The Abbot’s Notebook for November 7, 2018

My sisters and brothers in Christ,

Blessings to you!  I am sitting at my own desk in my own office once again.  That will change pretty soon.  Tomorrow I begin to move into a normal monk’s cell so that the rooms of the abbot can be cleaned and painted and prepared for the election of our abbot on December 12th.  Please keep us in your prayers!

This past week José Rodriguez died.  He had been interested in our community about 20 years ago.  I have stayed in contact with his family—and occasionally with him—over the years.  He had been fighting against losing his life to a problem in his brain for many years.  Now he is in peace.  His mother spent practically the whole of this last year with him in the hospital.  Please pray for his repose and for strength and comfort for his mother and the rest of his family.

My own niece, Olga Socorro Sam, is dying from cancer at this time.  She is in hospice.  She fought so strongly to go on living so that she could see her two sons grow up.  One is 13 and the other 16.  Her husband is with her as are her parents, my sister and brother-in-law.  Also please pray for them.

My heart is very sad for the death of José and for my niece, Olga.  On the other hand, this week has also brought us great joy and gladness.  On October 31st, six of our brothers renewed their vows for another year.  A monk in our community must have at least three years of temporary vows before being considered for solemn vows.  The renewing of vows is an important part of this process because it gives the community and the council a chance to comment on the vocation of the brother.

Then on November 1st, five monks here made their solemn vows for our community.  The making of solemn vows is a very strong ceremony.  The way we celebrate it here often takes over two hours.  We use the tradition of placing the brothers under a pall during the Litany of the Saints.  This symbolizes that they must continue to die in order to truly live.  We now have 15 monks in temporary vows, 14 novices, 5 postulants and 35 in solemn vows.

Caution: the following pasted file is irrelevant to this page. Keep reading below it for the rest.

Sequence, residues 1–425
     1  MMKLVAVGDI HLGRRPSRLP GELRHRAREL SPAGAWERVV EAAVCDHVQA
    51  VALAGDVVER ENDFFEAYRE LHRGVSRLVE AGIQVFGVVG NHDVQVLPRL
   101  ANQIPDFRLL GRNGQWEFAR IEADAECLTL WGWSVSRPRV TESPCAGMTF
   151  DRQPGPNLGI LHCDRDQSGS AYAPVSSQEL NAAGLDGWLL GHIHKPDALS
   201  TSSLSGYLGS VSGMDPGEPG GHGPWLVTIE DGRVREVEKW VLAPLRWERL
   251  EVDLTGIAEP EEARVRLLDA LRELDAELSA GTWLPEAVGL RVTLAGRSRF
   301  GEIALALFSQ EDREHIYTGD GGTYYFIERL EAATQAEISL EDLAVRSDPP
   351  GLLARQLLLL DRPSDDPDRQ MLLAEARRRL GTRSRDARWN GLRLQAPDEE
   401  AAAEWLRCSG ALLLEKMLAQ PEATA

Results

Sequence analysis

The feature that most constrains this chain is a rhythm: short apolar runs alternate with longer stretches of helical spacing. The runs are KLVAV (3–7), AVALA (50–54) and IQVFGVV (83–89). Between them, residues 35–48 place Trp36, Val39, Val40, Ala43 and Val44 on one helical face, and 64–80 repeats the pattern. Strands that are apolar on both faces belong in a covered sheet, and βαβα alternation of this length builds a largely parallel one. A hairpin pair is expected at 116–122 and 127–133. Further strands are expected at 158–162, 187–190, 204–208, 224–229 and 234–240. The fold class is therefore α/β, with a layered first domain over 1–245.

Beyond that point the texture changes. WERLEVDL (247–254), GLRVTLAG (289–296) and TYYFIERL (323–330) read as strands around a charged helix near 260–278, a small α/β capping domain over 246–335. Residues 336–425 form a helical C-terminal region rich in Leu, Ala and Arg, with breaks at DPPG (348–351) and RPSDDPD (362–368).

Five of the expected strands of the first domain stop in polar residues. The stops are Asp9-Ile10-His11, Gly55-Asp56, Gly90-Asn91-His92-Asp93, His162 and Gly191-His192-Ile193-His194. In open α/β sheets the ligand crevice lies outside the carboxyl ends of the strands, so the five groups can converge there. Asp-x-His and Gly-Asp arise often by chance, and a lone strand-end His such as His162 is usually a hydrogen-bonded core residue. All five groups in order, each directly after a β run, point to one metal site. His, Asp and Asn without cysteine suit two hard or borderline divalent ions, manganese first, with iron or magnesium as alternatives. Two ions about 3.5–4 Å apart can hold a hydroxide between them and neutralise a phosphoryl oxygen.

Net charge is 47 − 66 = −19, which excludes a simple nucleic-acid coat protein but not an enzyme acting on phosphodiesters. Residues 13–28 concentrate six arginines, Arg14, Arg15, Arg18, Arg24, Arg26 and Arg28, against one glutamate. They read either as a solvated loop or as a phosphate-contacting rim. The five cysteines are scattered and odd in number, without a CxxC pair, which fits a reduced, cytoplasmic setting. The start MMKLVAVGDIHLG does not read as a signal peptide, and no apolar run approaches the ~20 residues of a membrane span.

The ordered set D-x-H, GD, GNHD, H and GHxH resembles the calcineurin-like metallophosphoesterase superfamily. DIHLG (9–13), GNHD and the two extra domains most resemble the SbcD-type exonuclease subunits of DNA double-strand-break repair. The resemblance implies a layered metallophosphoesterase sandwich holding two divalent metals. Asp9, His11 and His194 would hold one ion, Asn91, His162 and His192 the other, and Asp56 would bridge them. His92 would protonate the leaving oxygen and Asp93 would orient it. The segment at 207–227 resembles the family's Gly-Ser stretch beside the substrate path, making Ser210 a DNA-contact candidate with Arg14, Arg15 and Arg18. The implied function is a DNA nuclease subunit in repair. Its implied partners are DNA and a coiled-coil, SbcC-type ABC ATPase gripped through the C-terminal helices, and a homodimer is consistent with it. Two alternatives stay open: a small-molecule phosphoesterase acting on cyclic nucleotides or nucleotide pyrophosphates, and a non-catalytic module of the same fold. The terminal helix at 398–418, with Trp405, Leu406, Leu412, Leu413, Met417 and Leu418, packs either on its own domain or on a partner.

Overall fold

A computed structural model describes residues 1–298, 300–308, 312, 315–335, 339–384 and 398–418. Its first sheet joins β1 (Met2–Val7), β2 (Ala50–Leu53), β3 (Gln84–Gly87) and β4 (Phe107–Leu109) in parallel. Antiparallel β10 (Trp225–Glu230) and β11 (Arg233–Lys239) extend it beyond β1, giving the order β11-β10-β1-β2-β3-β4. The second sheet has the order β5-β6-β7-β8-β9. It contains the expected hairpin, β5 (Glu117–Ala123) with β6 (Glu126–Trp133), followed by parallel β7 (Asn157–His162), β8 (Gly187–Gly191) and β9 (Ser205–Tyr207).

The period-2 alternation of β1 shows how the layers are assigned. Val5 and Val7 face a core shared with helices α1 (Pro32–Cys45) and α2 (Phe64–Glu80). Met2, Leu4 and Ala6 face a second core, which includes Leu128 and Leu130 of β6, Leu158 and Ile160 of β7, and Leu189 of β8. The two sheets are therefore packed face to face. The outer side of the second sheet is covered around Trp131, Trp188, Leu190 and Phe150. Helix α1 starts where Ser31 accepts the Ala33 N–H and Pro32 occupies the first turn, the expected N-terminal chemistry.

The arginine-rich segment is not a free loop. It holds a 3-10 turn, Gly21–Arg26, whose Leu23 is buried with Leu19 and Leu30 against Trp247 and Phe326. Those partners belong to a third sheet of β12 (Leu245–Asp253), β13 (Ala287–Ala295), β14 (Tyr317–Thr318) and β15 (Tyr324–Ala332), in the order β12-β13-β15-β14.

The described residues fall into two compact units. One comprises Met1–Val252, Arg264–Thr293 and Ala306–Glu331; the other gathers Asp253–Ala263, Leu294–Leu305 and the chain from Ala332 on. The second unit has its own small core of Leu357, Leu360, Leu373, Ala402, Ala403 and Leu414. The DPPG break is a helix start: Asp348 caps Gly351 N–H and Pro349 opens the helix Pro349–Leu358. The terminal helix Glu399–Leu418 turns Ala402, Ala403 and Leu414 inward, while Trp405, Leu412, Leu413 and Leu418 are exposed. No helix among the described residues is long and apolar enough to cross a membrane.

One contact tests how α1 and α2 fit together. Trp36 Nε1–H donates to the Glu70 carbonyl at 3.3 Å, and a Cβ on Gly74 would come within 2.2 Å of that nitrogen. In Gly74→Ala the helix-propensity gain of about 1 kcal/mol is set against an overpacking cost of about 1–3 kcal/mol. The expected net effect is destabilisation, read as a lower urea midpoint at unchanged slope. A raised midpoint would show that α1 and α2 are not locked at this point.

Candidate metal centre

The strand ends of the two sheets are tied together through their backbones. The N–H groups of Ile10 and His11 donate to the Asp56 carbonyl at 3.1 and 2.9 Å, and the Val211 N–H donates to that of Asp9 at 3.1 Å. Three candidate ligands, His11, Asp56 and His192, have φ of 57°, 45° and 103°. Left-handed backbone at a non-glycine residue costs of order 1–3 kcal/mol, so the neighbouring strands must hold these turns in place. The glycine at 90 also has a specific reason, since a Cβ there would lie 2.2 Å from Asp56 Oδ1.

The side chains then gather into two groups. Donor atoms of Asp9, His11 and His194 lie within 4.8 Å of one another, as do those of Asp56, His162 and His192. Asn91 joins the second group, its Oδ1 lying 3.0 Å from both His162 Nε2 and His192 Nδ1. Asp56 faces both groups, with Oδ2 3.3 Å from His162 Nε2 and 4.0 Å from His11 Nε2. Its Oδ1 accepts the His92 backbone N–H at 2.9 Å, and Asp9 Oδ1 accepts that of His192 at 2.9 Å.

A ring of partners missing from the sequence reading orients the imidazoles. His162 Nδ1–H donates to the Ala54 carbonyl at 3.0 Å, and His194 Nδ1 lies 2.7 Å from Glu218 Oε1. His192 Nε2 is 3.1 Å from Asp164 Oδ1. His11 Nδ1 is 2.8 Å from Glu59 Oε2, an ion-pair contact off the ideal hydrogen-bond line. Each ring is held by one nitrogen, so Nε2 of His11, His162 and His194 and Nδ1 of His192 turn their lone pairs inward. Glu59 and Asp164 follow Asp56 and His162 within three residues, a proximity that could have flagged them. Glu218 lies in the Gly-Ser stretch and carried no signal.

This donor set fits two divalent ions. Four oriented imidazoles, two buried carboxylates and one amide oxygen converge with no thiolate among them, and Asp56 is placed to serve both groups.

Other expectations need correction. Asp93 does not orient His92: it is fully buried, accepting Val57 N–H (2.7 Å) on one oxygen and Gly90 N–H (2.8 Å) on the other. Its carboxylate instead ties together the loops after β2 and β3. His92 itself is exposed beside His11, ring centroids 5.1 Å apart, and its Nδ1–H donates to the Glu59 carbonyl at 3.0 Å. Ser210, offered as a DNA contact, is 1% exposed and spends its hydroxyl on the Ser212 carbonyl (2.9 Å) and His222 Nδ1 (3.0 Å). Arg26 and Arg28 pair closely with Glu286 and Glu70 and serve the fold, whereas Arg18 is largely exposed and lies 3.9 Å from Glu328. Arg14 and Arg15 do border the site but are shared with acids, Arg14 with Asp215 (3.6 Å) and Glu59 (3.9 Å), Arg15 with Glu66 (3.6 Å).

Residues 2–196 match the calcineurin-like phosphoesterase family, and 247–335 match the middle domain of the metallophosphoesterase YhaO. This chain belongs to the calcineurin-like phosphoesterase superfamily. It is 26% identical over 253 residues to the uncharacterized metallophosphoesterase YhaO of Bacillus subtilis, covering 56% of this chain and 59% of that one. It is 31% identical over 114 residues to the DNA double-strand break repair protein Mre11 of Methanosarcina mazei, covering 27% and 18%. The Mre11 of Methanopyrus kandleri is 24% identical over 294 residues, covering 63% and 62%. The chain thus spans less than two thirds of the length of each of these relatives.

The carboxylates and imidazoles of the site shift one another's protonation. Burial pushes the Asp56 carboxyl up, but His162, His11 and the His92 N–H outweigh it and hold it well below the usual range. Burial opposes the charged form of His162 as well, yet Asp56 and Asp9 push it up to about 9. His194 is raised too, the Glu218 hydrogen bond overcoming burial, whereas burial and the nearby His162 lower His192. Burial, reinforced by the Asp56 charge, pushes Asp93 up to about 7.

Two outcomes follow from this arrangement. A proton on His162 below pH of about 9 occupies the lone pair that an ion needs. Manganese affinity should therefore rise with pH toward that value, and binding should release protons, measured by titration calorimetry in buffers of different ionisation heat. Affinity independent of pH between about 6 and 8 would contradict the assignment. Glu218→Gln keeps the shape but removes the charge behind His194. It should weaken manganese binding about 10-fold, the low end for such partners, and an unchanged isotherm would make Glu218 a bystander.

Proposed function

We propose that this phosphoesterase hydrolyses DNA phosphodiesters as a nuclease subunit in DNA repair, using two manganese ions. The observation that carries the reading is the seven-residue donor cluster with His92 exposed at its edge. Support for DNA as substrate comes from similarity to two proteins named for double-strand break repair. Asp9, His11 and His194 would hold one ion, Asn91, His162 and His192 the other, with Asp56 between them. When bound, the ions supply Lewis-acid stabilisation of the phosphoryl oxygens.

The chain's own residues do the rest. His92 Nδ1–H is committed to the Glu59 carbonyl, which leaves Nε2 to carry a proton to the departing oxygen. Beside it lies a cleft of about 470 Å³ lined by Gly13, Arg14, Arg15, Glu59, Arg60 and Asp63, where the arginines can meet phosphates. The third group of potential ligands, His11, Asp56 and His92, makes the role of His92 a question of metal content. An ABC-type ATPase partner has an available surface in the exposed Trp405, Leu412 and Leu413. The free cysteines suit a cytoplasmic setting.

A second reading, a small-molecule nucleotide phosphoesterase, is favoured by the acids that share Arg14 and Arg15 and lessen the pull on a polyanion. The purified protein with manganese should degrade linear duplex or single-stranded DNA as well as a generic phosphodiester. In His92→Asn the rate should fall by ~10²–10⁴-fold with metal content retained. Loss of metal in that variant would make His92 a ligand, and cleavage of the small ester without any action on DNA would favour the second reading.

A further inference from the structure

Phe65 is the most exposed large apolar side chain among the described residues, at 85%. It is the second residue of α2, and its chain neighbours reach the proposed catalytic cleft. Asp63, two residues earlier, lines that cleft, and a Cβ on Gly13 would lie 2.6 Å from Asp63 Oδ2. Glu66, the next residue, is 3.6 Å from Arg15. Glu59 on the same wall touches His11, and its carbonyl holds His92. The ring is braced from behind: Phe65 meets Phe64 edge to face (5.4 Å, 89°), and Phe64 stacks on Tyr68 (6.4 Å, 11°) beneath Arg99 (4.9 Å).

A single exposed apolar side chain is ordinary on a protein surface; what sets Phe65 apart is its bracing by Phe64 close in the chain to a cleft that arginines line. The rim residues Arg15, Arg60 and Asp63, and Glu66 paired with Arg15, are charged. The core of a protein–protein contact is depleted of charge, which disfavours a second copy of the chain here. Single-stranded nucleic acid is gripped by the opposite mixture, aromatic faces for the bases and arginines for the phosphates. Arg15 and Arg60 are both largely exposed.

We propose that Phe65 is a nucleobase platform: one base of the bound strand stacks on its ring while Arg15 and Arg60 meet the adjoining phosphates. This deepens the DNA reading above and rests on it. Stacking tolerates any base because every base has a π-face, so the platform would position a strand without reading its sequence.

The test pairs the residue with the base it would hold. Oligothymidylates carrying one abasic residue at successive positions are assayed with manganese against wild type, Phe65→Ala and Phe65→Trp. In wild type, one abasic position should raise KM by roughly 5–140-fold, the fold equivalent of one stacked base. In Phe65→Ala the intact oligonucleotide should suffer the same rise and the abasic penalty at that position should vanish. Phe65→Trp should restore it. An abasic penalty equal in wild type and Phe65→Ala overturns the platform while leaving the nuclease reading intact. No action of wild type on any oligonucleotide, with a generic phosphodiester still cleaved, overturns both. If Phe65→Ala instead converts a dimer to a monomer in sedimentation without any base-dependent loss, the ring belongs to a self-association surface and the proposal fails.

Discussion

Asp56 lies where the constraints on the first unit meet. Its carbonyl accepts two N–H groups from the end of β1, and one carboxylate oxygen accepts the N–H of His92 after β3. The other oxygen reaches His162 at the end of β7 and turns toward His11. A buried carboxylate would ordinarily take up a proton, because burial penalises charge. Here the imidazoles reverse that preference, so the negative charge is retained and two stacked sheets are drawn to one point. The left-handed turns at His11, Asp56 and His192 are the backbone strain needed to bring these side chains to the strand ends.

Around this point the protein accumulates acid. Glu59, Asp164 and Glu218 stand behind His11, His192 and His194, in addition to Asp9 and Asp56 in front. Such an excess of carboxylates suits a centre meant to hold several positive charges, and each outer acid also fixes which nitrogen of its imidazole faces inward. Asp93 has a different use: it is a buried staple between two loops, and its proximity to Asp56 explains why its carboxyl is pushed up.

So in the face of death we also have life.  It is a challenge to accept that only by dying do we truly live.  Yet that is the message in all aspects of our lives.  We must die to ourselves to live fully for God and to live for others.

At a practical level, spiritual dying is pretty easy, if we actually choose to die.  It means looking always for the good of the other person ahead of my good—but always a true good and not just an illusion.  Spiritual dying means giving up so much of what I want because I see that I must instead give myself over to serving others.  Spiritual dying never becomes just a habit, although it can become a normal part of our life.  We are always invited to choose.

For the monk, sometimes getting up on the regular schedule is a form of spiritual dying.  Sometimes singing in the choir can be a form of spiritual dying.  At times having to cook for 70 people can be a form of spiritual dying.  Almost anything that we don’t want to do and yet must do can become a form of spiritual dying.

Such spiritual dying never implies that we cannot rejoice and be glad at times.  That is part of following Jesus as well.  Jesus had a reputation, according to the Gospel, as a wine bibber and a glutton.  All that seems to mean is that he liked good food and wine.  I think of Saint Teresa of Avila who loved to eat partridges!  The person who has followed Christ and who continues to follow Christ usually ends up being a person who can give up self easily and who can rejoice with others easily; this is a person who knows how to fast and how to party.

Always we come back to the basic requirement for any of us as a Christian:  love God and love others.  Loving is always a challenge because there is no Rule Book other than love.  Today one of the huge challenges is that most people identify love with some kind of attraction, even with sexual attraction.  This attraction is not necessary against love, but it is not properly love.  True love is always choosing the good of the other person, even when that means suffering for the other person.

In a monastery, we are always challenged to love all the brothers.  That love shows itself by serving all the brothers, and particularly the ones who may irritate us or those who even anger us.  It is so easy to put people out of our lives, even in a monastery.  Instead, we are invited to love all others.  That does not mean that we have to start looking for the people who most annoy us!  God sends all that we need to us without us having to seek out difficult situations.

So the challenge is daily:  love God and love others, especially love those who hate us, who may be our enemies, those who wish us harm.

As I do every week, I shall celebrate a Holy Mass for you and for your intentions.  God is always blessing me and our community.  May God also bless you and all the communities to which you belong.  Please pray for me and for all the women and men of our communities.  I send you my love and prayers.

Your brother in the Lord,

Abbot Philip